Zappos Breach Illustrate the Need for Stronger Password Rules

Despite resetting passwords and encouraging users to change their passwords on other sites, can still do more to secure passwords, experts said.

The latest breach with online clothing and apparel retailer highlights the importance of password security, according to security experts.

Cyber-attackers breached one of the company's servers in Kentucky and accessed "one or more" pieces of personal information, including customer names, email addresses, billing and shipping addresses, phone numbers, the last four digits of credit card numbers, and user passwords, CEO Tony Hsieh said in a Jan. 15 email sent to employees and customers. Hsieh said credit card data was stored in a separate database and was not breached. The passwords were "cryptographically scrambled," Hsieh said.

While immediately reset the passwords for all customers and quickly communicated to employees and customers about the breach, security experts said the company should have provided additional information.

"An appropriate response includes more detail of 'how did they get in, where did they go and what was accessed, seen, and removed from the network?'" Alan Hall, security expert and director at Solera Networks, told eWEEK.

Kurt Baumgartner, a senior security researcher at Kaspersky Lab, agreed, noting that Zappos "did the right thing" by clearly communicating what data was accessed and what was not, all of which should be "standard, timely stuff" for breach notifications.

"Zappos could still clarify details about the breach, exactly what was in the database and what the heck they mean by 'cryptographically scrambled passwords,'" Baumgartner wrote on the Securelist blog.

It is clear from Hsieh's statement that actual passwords were not exposed, but "scrambled," which is not a commonly recognized security term and does not explain what steps Zappos had taken to protect the information, according to Baumgartner. Many experts have assumed the company meant the passwords had been hashed.

If that is the case, Zappos needs to disclose whether it was maintaining salted MD5 hashes or using a stronger algorithm to protect the data, according to Baumgartner. While MD5 is a widely used cryptographic hash function that produces a 128-bit hash value, recent research has shown it to be vulnerable to cracking. The United States Computer Emergency Response Team considers MD5 to be "cryptographically broken and unsuitable for further use."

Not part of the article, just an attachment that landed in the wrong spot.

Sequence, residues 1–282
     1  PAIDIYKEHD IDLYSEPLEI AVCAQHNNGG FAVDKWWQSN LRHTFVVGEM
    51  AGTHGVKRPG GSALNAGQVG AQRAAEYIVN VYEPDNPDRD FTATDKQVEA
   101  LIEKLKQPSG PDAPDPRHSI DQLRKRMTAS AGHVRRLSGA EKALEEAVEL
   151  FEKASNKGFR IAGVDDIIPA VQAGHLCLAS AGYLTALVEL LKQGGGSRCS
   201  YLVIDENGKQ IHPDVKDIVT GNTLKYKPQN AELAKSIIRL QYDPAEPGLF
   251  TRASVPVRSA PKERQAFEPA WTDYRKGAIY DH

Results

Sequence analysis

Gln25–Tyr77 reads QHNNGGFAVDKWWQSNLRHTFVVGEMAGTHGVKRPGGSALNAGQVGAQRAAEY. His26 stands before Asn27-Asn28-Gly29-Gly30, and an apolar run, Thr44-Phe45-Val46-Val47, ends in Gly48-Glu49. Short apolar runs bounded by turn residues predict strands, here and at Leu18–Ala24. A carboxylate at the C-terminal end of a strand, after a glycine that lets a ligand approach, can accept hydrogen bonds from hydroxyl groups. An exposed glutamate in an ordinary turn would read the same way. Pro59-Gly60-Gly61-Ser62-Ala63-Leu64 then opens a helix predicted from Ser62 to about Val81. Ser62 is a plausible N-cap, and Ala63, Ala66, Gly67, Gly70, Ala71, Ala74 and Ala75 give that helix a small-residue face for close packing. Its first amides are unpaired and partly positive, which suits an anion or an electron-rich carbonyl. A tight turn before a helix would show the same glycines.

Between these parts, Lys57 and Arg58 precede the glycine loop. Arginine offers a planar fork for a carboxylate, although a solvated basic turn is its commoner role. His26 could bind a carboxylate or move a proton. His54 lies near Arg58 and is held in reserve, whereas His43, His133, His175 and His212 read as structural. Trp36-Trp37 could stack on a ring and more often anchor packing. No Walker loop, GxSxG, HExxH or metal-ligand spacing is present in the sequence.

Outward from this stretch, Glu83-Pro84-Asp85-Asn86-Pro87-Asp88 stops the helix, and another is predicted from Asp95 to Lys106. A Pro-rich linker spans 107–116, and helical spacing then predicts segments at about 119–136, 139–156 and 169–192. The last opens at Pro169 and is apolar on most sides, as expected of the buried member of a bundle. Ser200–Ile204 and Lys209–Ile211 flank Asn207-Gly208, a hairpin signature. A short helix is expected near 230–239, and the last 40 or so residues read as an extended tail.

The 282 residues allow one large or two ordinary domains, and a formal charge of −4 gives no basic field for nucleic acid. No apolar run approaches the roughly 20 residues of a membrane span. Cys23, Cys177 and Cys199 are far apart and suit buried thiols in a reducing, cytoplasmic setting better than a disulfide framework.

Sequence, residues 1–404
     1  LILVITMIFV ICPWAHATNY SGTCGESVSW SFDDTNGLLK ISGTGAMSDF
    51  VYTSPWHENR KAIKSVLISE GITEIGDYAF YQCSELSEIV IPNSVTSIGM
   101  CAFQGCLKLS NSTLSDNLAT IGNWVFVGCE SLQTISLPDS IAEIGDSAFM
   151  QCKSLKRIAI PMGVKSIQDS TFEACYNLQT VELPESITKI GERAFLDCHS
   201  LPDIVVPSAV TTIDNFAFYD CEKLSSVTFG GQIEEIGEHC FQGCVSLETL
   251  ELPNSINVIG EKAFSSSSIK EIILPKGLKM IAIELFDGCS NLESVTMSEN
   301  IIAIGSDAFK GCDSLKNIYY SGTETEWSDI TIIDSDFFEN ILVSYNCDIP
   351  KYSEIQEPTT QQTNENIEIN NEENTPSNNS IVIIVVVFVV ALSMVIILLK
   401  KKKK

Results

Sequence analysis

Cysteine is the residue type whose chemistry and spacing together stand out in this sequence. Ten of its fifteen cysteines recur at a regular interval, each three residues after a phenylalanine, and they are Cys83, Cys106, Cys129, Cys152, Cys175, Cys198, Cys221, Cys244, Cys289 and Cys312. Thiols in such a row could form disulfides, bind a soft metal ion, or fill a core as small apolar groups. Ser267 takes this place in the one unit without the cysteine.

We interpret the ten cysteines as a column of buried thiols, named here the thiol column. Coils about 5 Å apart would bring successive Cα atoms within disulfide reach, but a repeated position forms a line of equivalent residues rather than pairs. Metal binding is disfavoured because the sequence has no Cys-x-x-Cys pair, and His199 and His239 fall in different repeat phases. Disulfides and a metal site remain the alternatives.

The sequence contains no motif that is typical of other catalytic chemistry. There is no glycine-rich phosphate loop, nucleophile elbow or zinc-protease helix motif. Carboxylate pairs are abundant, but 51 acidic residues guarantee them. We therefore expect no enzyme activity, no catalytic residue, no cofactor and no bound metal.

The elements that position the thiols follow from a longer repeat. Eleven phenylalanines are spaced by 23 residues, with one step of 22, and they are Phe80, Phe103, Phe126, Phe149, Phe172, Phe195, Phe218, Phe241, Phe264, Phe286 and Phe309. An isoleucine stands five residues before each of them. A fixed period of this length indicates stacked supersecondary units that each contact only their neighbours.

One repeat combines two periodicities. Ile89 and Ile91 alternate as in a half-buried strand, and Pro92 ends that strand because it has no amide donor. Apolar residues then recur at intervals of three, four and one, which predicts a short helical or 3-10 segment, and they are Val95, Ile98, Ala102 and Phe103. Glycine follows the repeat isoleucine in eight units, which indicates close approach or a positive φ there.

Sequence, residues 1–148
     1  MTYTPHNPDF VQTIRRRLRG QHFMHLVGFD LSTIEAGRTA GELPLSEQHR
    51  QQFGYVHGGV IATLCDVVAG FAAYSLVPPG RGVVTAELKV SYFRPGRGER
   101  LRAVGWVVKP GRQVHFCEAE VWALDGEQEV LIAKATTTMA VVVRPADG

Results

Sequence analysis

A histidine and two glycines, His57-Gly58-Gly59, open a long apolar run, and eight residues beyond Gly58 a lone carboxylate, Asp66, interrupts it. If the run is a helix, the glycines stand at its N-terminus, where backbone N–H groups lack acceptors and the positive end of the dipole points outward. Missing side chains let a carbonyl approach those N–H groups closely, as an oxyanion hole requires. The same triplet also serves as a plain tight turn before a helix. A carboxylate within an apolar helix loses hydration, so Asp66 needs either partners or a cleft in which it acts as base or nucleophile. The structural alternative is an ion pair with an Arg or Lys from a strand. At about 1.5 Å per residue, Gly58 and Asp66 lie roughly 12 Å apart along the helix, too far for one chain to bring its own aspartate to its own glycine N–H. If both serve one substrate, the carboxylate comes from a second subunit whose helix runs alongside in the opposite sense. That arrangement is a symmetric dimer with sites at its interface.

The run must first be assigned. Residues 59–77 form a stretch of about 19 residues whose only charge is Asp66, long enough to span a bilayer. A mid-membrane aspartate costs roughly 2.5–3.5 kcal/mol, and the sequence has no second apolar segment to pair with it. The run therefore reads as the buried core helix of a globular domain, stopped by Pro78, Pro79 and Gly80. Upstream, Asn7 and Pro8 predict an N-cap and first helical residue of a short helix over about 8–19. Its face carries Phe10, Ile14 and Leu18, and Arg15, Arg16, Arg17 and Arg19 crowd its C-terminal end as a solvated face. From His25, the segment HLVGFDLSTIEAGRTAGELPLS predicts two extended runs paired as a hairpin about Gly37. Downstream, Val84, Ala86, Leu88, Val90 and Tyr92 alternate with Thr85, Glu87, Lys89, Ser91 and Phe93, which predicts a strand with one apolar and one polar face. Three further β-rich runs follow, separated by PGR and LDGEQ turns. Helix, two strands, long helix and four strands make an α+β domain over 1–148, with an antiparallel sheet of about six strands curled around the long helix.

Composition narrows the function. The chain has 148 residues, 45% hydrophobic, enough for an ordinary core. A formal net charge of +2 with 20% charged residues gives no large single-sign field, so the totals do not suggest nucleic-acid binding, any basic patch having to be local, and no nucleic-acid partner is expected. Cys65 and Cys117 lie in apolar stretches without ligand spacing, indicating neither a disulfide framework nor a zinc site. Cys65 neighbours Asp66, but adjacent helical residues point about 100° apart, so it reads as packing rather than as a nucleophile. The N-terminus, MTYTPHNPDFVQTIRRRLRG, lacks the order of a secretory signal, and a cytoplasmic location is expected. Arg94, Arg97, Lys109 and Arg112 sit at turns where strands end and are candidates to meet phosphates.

Hashed passwords do not prevent attackers from eventually recovering passwords, especially if the users had selected weak passwords in the first place, as was shown in an analysis of stolen Stratfor passwords. Using readily available cracking software, rainbow tables and a normal desktop computer, it was possible to obtain more than 80,000 passwords in less than 5 hours. Cheap GPU and cloud computing resources have also made it easier to process and recover passwords in "very short time frames," according to Baumgartner.

Major site operators should be "planning for the worst" and using a stronger algorithm to secure data, Baumgartner said, especially considering how common data breaches became in 2011.

There have been many discussions about passwords and whether they should be abandoned in favor of two-factor authentication schemes using one-time passwords or other mechanisms. IBM recently predicted in its "5 in 5" list that within five years, multifactor biometrics would mean users would never have to use a password again. In contrast, Microsoft researcher Cormac Herley and Carleton University's Paul C. van Oorschot said passwords are "more widely used and firmly entrenched than ever," and will be around for a while.

Unfortunately, password reusage is still rampant, as users select the same password on their email, social networking platform and online banking. Zappos' Hsieh recommended users change their passwords on other sites if it was the same as for Zappos.

"Data breaches like this one are common; it's a good idea to make sure your passwords are all secure, so if passwords are obtained in a data breach, hackers can't use yours on other sites and see if it's the same," according to Intego, a Mac security vendor. reset and expired existing passwords for all 24 million customer accounts and sent instructions on how to create a new password "to ensure a greater level of security." The new policy required users to select a password that was at least eight characters long, including one upper and lowercase letter and one number or one special character. While the policy appears to be good, Baumgartner noted that a password such as "Zappos12" would fit the new rules and still be very weak and easily cracked with a rainbow table.

"Eight characters simply don't cut it," Baumgartner wrote, noting that there needs to be "stronger but more practical password policies" than are currently in place on major sites.

According to Zappos policy, users cannot reuse any of the last six passwords. The email notification to customers did not indicate whether those six passwords were also stolen, noted Baumgartner.